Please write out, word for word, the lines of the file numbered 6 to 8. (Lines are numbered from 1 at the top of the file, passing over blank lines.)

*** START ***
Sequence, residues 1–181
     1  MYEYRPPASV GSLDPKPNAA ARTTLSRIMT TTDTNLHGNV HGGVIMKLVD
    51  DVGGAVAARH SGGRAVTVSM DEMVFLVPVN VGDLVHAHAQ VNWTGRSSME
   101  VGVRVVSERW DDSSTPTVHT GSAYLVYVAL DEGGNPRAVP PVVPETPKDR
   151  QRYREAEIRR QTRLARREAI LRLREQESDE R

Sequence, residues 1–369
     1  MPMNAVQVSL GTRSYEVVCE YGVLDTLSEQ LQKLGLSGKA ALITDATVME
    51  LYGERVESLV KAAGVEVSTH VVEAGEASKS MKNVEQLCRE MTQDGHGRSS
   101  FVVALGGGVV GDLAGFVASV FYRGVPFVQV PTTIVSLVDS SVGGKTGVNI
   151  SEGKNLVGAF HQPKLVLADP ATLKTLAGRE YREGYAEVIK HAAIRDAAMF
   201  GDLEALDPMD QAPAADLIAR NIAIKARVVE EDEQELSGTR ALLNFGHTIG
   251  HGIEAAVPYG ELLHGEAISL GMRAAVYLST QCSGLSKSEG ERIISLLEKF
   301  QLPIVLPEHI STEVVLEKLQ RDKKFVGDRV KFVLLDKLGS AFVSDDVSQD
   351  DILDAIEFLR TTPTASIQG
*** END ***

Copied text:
Sequence, residues 1–369
     1  MPMNAVQVSL GTRSYEVVCE YGVLDTLSEQ LQKLGLSGKA ALITDATVME
    51  LYGERVESLV KAAGVEVSTH VVEAGEASKS MKNVEQLCRE MTQDGHGRSS